The web interface contains diagnostics, summaries of the data, “maps” showing low-dimensional representations of the data and tools for analysis of differential transcripts. The interactivity via Shiny can be especially useful for diagnostics; for example, in the diagnostics users can examine scatterplots of any two samples, and then select outliers to examine their variance, including the breakdown of technical variance. This allows for a determination of whether outliers represent high variance transcripts, or specific samples gone awry. Users can of course make figures showing transcript abundances in all samples, including boxplots displaying the extent of technical variation. Interested in the differential transcribed isoform ENST00000349155 of the TBX3 gene shown in Figure 5d of the Cuffdiff2 paper? It’s trivial to examine using the transcript viewer:


One can immediately see visually that differences between conditions completely dominate both the technical and biological variation within conditions. The sleuth q-value for this transcript is 3*10^(-68).

Among the maps, users can examine PCA projections onto any pair of components, allowing for rapid exploration of the structure of the data. Thus, with kallisto and sleuth raw RNA-Seq reads can be converted into a complete analysis in a matter of minutes. Experts will be able to generate plots and analyses in R using the sleuth library as they would with any R package. We plan numerous improvements and developments to the sleuth interface in the near future that will further facilitate data exploration; in the meantime we welcome feedback from users.

How to try out sleuth

Since sleuth requires the bootstraps and quantifications output by kallisto we recommend starting by running kallisto on your samples. The kallisto program is very fast, processing 30 million reads on a laptop in a matter of minutes. You will have to run kallisto with bootstraps- we have been using 100 bootstraps per sample but it should be possible to work with many fewer. We have yet to fully investigate the minimum number of bootstraps required for sleuth to be accurate.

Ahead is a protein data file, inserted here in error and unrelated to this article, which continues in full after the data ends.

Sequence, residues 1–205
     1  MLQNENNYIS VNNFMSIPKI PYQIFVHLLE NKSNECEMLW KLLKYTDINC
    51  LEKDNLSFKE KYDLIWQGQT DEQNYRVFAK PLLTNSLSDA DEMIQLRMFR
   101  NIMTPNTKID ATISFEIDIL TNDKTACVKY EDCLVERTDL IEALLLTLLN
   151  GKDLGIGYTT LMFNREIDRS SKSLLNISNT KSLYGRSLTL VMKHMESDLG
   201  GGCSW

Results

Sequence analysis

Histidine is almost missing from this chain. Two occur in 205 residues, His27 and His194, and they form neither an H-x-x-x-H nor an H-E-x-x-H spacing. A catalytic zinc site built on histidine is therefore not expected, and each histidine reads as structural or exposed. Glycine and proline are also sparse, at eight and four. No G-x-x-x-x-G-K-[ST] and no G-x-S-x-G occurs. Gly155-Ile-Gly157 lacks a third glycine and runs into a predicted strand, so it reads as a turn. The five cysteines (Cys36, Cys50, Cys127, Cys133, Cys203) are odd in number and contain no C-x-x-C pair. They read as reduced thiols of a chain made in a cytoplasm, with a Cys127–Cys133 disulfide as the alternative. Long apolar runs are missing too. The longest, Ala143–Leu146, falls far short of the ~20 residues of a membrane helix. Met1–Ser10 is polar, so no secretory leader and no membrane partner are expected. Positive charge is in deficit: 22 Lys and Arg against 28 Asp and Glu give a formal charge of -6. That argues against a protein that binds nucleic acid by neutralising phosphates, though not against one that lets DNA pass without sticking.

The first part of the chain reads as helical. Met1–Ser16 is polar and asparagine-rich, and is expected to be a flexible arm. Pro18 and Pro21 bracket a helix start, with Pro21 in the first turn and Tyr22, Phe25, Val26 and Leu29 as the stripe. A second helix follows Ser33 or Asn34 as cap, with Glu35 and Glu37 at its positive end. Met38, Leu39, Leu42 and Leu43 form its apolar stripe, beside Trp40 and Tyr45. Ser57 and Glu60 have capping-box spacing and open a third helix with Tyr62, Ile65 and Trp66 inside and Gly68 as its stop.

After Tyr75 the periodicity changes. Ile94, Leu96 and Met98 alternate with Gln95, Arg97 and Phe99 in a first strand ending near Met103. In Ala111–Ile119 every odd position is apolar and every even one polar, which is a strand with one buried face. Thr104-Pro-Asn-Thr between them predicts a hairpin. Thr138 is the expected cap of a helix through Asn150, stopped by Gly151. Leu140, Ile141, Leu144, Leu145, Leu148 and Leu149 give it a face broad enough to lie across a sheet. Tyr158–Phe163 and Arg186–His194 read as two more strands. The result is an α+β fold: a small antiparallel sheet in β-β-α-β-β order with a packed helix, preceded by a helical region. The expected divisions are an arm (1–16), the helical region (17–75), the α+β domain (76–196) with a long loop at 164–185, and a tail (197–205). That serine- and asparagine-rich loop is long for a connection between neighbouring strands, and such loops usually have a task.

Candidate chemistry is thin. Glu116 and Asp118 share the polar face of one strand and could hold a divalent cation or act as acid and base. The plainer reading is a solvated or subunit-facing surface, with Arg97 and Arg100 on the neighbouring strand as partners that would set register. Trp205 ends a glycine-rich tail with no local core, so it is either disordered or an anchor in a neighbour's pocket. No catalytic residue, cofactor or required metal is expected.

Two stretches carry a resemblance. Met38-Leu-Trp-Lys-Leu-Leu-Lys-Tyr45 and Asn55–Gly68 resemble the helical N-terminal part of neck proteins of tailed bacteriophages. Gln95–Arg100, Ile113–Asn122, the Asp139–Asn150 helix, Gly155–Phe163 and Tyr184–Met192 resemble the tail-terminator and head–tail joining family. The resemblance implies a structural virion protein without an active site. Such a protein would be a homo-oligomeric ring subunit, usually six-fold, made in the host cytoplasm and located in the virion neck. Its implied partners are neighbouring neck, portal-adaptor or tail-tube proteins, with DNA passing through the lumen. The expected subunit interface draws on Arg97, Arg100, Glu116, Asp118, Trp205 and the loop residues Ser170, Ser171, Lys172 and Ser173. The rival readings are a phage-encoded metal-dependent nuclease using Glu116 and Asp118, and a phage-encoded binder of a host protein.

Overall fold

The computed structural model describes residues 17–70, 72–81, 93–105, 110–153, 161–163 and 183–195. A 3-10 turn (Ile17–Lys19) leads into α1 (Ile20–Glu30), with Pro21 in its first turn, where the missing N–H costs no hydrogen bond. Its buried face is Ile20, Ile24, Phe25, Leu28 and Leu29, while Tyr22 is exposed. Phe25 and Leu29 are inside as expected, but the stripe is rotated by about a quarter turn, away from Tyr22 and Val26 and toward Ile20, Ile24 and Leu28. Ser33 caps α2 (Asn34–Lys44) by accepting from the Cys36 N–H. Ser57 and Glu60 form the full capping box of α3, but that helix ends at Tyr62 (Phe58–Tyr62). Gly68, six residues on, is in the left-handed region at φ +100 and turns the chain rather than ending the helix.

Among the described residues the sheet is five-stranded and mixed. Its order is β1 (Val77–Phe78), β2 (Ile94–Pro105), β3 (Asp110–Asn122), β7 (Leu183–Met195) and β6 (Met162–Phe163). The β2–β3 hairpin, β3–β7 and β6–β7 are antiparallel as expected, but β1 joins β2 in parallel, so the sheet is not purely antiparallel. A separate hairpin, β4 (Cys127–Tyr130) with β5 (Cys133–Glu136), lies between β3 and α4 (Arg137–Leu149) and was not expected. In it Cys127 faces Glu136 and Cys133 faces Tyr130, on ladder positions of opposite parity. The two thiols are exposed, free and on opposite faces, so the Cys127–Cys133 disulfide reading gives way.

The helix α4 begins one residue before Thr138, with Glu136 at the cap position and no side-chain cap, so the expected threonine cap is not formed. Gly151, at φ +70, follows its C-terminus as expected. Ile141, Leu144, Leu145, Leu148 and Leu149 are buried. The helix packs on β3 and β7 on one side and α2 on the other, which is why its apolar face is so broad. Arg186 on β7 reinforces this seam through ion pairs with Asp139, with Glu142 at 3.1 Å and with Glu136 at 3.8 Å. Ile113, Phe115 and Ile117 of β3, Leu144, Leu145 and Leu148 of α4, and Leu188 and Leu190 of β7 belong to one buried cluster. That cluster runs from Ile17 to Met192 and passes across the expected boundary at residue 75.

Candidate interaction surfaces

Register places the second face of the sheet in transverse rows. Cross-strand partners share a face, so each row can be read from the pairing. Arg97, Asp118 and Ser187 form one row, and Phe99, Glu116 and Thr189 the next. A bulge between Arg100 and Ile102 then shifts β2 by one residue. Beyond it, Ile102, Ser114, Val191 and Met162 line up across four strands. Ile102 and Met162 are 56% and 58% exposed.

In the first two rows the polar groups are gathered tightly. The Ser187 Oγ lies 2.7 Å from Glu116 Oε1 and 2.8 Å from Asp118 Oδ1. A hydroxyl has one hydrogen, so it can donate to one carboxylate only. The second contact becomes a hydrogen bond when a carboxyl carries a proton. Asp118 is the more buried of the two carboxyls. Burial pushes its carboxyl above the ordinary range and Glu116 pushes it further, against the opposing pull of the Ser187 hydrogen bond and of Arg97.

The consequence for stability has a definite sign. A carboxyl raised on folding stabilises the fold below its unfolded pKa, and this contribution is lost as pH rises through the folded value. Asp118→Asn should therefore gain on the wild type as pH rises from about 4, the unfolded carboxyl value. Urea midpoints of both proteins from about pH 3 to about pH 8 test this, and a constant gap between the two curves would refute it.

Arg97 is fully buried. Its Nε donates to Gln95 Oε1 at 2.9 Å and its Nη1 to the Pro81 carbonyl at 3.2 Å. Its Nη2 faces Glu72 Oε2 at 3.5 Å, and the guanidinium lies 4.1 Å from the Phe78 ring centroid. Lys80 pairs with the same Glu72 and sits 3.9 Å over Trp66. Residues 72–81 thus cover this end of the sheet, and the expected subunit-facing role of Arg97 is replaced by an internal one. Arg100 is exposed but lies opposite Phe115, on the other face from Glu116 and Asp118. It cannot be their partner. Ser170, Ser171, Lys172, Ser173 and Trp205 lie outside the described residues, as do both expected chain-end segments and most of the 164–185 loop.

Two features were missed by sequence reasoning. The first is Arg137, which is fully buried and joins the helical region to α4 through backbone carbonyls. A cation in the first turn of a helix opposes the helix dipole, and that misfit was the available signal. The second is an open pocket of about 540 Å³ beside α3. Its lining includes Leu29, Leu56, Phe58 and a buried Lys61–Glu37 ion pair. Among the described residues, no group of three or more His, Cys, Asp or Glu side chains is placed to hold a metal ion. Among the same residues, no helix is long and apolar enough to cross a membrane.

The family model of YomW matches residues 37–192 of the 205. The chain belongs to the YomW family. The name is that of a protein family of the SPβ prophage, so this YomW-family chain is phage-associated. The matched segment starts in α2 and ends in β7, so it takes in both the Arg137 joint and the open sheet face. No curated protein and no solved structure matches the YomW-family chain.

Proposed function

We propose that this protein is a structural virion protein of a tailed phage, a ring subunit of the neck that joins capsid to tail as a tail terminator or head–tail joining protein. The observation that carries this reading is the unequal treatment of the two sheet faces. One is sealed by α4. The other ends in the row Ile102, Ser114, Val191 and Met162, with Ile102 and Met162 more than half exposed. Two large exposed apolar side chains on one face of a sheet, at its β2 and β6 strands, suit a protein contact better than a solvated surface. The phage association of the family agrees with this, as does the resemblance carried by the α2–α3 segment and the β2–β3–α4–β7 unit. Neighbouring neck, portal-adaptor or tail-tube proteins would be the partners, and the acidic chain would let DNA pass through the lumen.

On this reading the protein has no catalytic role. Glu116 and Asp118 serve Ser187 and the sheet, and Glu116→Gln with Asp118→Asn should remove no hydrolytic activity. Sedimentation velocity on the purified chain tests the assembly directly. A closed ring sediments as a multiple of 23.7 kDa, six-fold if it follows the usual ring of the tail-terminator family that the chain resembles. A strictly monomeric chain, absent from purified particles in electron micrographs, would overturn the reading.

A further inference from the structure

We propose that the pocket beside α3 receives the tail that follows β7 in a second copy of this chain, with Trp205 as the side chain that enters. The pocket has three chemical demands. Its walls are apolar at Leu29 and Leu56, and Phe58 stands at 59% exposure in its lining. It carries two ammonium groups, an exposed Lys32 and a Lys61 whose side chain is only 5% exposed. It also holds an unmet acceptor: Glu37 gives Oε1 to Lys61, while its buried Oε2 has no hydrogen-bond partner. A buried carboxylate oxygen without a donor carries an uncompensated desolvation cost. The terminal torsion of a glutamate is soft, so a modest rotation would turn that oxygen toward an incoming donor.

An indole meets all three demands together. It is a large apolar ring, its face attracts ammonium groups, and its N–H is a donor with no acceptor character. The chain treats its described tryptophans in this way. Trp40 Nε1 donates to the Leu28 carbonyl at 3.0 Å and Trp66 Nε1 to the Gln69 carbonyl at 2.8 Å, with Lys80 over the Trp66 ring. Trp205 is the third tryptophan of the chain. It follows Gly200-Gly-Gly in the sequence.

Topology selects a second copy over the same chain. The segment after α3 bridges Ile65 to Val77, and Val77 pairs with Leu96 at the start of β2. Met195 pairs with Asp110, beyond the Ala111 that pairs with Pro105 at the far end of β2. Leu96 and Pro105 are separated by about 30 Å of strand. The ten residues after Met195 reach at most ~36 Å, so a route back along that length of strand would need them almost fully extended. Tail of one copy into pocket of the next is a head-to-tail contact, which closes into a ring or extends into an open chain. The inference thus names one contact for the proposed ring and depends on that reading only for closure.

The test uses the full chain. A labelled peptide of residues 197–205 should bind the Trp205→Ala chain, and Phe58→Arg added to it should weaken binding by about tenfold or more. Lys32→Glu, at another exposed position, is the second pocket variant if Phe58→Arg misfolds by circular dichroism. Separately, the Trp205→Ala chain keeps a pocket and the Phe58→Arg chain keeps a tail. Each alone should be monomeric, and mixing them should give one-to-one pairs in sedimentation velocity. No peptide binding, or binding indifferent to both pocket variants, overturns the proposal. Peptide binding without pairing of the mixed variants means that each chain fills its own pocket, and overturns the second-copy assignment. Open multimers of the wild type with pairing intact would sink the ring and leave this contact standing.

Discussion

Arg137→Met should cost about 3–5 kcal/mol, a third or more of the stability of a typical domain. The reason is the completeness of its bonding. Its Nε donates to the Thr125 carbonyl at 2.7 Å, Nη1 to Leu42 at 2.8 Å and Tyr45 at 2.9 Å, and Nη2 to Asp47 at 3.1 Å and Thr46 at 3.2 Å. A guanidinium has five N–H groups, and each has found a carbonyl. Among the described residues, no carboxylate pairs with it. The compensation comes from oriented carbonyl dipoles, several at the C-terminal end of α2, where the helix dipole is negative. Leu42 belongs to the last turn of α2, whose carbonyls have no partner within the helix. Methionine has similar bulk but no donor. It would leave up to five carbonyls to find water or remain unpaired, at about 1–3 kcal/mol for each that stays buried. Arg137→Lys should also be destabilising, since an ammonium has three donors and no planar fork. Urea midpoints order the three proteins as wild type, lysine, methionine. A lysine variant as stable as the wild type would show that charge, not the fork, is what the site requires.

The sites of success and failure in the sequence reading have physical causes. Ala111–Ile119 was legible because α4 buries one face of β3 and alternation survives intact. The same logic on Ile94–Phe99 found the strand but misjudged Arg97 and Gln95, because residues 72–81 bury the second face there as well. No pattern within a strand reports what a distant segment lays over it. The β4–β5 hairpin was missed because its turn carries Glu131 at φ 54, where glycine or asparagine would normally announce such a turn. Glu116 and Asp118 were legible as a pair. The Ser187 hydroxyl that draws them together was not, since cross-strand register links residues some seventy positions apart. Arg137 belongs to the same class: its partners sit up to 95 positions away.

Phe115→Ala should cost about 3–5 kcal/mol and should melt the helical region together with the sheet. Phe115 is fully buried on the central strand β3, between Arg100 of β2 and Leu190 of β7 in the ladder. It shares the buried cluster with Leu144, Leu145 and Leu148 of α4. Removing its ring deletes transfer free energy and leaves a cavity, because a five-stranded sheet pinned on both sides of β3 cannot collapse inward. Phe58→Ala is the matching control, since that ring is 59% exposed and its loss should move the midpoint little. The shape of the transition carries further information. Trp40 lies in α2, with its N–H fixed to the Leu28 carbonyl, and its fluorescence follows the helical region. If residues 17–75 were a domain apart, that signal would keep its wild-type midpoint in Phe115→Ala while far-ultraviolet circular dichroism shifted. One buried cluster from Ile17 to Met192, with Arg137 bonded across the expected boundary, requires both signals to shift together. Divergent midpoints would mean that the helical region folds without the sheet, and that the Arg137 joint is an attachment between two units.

To learn how to use kallisto start here. If you have already run kallisto you can proceed to the tutorial for sleuth. If you’re really eager to see sleuth without first learning kallisto, you can skip ahead and try it out using pre-computed kallisto runs of the Cuffdiff2 data- the tutorial explains where to obtain the data for trying out sleuth.

For questions, suggestions or help see the program websites and also the kallisto-sleuth user group. We hope you enjoy the tools!

I recently read a “brainiac” column in the Boston Globe titled “For 40 years, computer scientists looked for a solution that doesn’t exist” that caused me to facepalm so violently I now have pain in my right knee.

The article is about the recent arXiv posting:

Edit Distance Cannot Be Computed in Strongly Subquadratic Time (unless SETH is false) by Arturs Backurs and Piotr Indyk (first posted in December 2014 and most recently updated in April 2015).